Cowick Street plan is controversial
Controversial plans for a new 5G mast to be installed at the St Thomas Shopping Centre in Exeter are set to be approved.
Exeter City Council’s planning committee is being recommended to grant approval for the installation of the 20m high 5G telecommunication monopole in Cowick Street next Monday.
Around the country, some 5G masts have been attacked by protestors who believe that they may be to blame for the covid pandemic or that electromagnetic fields can cause other serious health issues. Those claims have not been proven.
The application by mobile network operator Hutchison 3G UK, commonly known as Three, wants to install the mast because of what they call an ‘acute need’.
More than 150 objections have been made, compared to just five letters of support, but as the application is considered to be ‘permitted development’, the only considerations that the committee can take into account relate to the siting and appearance of the mast.
Among the objections are concerns over safety, the perceived public health risks and that further research should be done and application put on hold until the safety of 5G has been established.
Under the Town and Country Planning General Permitted Development Order Deemed, consent is deemed to have been given if a decision is not made within the time limit of 56 days, and so a decision would have to be made by July 8, 2020, or consent is granted automatically.
Legal advice to the committee says that while the introduction of 5G is controversial, with many campaigners claiming the technology is unproven and potentially hazardous to health, the government and Public Health England say 5G is safe and that there are no public health grounds for installation to be refused.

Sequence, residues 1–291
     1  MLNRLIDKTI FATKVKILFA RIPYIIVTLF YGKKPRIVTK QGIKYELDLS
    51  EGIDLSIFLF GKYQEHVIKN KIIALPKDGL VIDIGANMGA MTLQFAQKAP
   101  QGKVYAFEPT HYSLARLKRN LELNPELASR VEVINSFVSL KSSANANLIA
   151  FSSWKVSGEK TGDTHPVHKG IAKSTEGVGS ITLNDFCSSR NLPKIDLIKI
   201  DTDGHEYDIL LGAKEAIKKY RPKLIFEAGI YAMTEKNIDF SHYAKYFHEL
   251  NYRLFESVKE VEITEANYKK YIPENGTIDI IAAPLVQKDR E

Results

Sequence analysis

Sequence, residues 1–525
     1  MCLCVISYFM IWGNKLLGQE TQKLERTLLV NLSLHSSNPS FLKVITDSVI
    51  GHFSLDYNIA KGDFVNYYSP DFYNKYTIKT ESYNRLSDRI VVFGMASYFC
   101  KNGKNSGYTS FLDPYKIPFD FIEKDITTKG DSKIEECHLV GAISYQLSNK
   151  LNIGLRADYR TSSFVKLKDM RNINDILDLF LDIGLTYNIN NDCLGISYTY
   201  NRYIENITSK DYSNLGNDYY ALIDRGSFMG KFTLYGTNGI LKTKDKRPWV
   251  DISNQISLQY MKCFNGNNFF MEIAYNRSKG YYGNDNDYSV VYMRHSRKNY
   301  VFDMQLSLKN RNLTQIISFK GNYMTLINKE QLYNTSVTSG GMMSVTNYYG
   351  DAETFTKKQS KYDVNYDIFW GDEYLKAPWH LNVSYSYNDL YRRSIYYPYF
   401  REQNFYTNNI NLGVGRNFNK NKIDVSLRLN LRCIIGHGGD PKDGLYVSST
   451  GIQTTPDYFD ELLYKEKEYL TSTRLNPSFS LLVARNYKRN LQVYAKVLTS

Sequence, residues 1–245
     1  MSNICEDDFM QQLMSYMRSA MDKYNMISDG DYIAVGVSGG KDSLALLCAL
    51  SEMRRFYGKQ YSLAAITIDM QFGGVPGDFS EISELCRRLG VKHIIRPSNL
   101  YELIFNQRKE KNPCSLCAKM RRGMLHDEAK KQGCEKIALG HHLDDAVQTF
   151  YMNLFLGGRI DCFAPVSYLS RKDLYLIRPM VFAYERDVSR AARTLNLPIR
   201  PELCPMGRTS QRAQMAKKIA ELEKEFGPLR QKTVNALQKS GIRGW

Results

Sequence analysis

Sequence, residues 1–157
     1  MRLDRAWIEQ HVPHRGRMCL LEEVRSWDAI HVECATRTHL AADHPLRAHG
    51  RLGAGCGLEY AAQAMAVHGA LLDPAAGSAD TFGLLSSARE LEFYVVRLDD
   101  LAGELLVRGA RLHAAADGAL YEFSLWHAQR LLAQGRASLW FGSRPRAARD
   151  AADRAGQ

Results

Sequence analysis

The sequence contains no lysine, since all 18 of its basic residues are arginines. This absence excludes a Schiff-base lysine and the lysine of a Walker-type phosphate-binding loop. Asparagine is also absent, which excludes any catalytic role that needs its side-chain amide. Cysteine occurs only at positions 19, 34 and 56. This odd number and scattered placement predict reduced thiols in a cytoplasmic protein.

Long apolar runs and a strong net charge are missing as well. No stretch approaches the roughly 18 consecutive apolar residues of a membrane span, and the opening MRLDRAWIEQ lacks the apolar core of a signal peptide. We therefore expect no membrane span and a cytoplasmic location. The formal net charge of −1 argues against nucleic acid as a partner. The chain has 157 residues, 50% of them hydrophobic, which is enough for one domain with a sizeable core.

The planning report adds: “The rollout of 5G has raised concerns regarding public health associated with telecommunication equipment and the implementation of electromagnetic fields. International and UK expert groups have examined the evidence and have said it is possible that there may be a small increase in overall exposure to radio waves when 5G is added to an existing network or in a new area, but the overall exposure is expected to remain low relative to guidelines and, as such, there should be no consequences for public health.”
Some of the objections cite perceptions of risk, causing anxiety and stress, and the potential for people to avoid shopping in the area, the report says, but it adds that the application has addressed the need for the mast in the area, and options for locating elsewhere with supporting information also confirms the mast can only be located in a small area for technical reasons.
“Moving the mast to another site in St Thomas would therefore not address perceptions of health risk,” the report says.
The planning committee is being advised that the only considerations they can look at are around the siting and appearance of the mast, and the report says that the mast would be a prominent addition to the area that would be visible in both short and longer views of the area and would therefore result in an adverse impact on the appearance of the area.
But it says: “The applicant has submitted a justification for this location, based on technical and operational constraints and given the location beside the modern shopping centre, and presence of street furniture, the impact is considered to cause less than substantial harm to designated heritage assets.
“It is therefore considered that, whilst the proposal would result in some visual harm, this would not amount to a serious adverse impact on the character or appearance of the area, or setting of locally and nationally listed buildings.
“On balance, the visual impact is considered to be outweighed by the substantial public benefit arising from the provision of 5G services and therefore does not warrant the refusal of the application, with the economic growth and social well-being through the increased connectivity that 5G will provide, including home working, connected transport and smart city applications.”